Feedstuffs is part of the Informa Markets Division of Informa PLC

This site is operated by a business or businesses owned by Informa PLC and all copyright resides with them. Informa PLC's registered office is 5 Howick Place, London SW1P 1WG. Registered in England and Wales. Number 8860726.

FEEDSTUFFS IN FOCUS: Hey animal agriculture, it’s time to get personal

The future of animal agriculture may well depend on what steps farmers are allowed to take moving forward and how consumers perceive those practices and technologies.

It’s time for livestock and poultry producers to better connect with consumers on the issues and more actively engage and communicate with consumers as to why they do what they do, according to David Ortega, associate professor in the department of agricultural, food and resource economics at Michigan State University, and Danielle Ufer a doctoral candidate at Michigan State. 

In this episode of Feedstuffs in Focus, they share their insight with Feedstuffs editor Sarah Muirhead and discuss how consumer outreach could help protect animal agriculture when the next crisis hits.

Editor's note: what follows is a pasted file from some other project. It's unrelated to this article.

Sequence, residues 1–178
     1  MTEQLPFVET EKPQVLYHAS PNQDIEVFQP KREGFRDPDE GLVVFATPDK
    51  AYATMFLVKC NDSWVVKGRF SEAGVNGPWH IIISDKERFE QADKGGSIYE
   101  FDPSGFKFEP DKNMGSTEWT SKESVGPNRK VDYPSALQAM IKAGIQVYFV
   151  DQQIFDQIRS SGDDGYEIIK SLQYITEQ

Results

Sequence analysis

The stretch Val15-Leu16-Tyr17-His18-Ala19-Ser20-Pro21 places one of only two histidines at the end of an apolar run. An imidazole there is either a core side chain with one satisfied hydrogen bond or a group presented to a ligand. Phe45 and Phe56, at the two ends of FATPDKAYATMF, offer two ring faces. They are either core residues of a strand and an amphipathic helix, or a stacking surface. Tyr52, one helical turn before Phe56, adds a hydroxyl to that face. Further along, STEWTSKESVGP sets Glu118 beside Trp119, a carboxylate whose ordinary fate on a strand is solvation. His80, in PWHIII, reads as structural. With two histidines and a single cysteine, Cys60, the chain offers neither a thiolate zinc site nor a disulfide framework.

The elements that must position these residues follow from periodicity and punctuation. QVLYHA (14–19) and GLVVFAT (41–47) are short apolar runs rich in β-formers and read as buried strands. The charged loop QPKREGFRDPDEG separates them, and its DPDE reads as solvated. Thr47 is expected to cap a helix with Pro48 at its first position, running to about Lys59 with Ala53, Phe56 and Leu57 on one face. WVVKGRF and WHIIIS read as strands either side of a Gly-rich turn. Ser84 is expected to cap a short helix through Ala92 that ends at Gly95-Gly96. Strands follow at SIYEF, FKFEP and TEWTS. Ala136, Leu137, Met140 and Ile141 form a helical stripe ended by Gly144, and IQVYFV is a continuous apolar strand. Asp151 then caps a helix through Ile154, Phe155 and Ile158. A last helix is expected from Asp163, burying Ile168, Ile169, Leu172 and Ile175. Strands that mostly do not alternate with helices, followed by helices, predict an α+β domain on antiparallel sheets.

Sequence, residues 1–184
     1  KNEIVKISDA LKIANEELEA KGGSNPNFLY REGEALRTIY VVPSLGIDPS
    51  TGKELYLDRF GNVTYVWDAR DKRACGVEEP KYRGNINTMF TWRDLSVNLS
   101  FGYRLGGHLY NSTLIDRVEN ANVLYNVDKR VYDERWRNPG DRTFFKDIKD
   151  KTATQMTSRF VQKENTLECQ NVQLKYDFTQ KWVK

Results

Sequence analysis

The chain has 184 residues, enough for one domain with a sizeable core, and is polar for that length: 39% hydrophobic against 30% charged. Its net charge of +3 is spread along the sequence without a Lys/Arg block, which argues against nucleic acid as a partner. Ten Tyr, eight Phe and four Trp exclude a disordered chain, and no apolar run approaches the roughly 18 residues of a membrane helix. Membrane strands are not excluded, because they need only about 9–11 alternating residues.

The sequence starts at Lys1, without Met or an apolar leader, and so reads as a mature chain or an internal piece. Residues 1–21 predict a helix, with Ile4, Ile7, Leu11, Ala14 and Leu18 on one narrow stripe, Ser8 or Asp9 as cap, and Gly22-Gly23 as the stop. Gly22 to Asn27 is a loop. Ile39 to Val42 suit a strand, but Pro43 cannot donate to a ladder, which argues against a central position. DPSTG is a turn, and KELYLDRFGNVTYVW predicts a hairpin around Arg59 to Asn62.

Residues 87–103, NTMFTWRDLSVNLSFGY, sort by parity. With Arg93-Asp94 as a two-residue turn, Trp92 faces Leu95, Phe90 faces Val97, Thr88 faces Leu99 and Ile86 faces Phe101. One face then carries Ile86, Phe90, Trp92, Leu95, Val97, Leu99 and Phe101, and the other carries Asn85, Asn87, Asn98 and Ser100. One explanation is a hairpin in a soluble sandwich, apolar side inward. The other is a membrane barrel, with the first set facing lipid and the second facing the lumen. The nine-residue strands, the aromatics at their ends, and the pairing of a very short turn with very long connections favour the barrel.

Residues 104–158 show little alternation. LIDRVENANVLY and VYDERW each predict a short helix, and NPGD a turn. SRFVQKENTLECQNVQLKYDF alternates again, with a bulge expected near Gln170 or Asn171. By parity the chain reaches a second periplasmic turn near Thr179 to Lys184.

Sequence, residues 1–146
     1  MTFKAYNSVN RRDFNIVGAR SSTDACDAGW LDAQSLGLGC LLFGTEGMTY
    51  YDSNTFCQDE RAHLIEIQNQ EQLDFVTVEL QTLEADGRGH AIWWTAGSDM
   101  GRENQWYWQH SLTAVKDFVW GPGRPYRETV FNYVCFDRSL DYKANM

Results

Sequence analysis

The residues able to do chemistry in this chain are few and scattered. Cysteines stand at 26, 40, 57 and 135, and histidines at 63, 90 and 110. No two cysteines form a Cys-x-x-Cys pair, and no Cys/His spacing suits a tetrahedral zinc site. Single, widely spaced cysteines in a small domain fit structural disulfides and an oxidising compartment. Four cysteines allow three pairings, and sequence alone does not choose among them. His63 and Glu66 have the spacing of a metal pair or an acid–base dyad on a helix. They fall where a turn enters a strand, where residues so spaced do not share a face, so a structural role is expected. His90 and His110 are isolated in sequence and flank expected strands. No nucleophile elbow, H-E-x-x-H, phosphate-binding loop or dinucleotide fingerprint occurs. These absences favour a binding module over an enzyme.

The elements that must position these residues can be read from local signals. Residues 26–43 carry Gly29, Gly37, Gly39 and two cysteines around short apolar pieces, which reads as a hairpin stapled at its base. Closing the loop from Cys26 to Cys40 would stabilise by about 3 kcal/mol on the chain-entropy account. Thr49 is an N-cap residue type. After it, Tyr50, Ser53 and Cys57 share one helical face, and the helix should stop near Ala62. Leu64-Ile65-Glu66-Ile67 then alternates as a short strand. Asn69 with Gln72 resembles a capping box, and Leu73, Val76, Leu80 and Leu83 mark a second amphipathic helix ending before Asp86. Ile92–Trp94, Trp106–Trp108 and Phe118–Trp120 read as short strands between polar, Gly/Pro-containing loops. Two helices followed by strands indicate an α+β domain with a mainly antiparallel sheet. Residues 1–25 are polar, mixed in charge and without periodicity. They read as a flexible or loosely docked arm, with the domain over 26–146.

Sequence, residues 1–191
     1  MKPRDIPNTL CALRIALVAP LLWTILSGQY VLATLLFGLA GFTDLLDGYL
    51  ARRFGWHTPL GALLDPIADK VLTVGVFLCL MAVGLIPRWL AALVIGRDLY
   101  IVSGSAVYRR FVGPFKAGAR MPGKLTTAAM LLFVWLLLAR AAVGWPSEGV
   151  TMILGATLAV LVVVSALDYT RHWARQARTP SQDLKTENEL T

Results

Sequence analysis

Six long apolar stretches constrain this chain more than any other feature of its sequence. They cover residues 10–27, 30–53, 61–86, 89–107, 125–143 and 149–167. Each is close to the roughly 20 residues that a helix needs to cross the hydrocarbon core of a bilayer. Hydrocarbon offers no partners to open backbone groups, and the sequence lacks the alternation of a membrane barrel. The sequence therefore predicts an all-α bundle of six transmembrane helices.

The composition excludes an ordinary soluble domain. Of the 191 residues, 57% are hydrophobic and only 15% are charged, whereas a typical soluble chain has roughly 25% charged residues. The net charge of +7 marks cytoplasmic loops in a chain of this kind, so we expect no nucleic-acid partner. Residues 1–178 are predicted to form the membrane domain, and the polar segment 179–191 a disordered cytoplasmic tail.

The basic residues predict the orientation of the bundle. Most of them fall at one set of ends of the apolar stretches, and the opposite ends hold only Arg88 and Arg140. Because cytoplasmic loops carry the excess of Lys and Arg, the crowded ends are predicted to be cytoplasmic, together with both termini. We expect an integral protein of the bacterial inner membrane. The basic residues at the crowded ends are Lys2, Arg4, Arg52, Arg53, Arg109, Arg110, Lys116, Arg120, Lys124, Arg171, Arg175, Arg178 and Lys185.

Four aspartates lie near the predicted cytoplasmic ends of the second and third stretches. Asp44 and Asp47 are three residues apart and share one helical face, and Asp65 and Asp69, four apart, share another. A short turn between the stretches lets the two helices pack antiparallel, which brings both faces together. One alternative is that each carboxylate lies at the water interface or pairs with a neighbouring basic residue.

Ortega and Ufer are in the middle of a three-year study looking specifically at consumer preference and attitudes toward animal agriculture. They believe the future of animal agriculture depends on what steps farmers are allowed to take moving forward and consumer attitudes toward those practices and technologies. This, they say, may well be pivotal in herd and market restoration, particularly as the industry works its way out of the current COVID-19 pandemic.

To read: Time to get personal: 
Consumer outreach may help protect animal agriculture in next crisis

For more information on this and other stories, visit Feedstuffs online.

Follow Feedstuffs on Twitter @Feedstuffs, or join the conversation via Facebook.   


Hide comments


  • Allowed HTML tags: <em> <strong> <blockquote> <br> <p>

Plain text

  • No HTML tags allowed.
  • Web page addresses and e-mail addresses turn into links automatically.
  • Lines and paragraphs break automatically.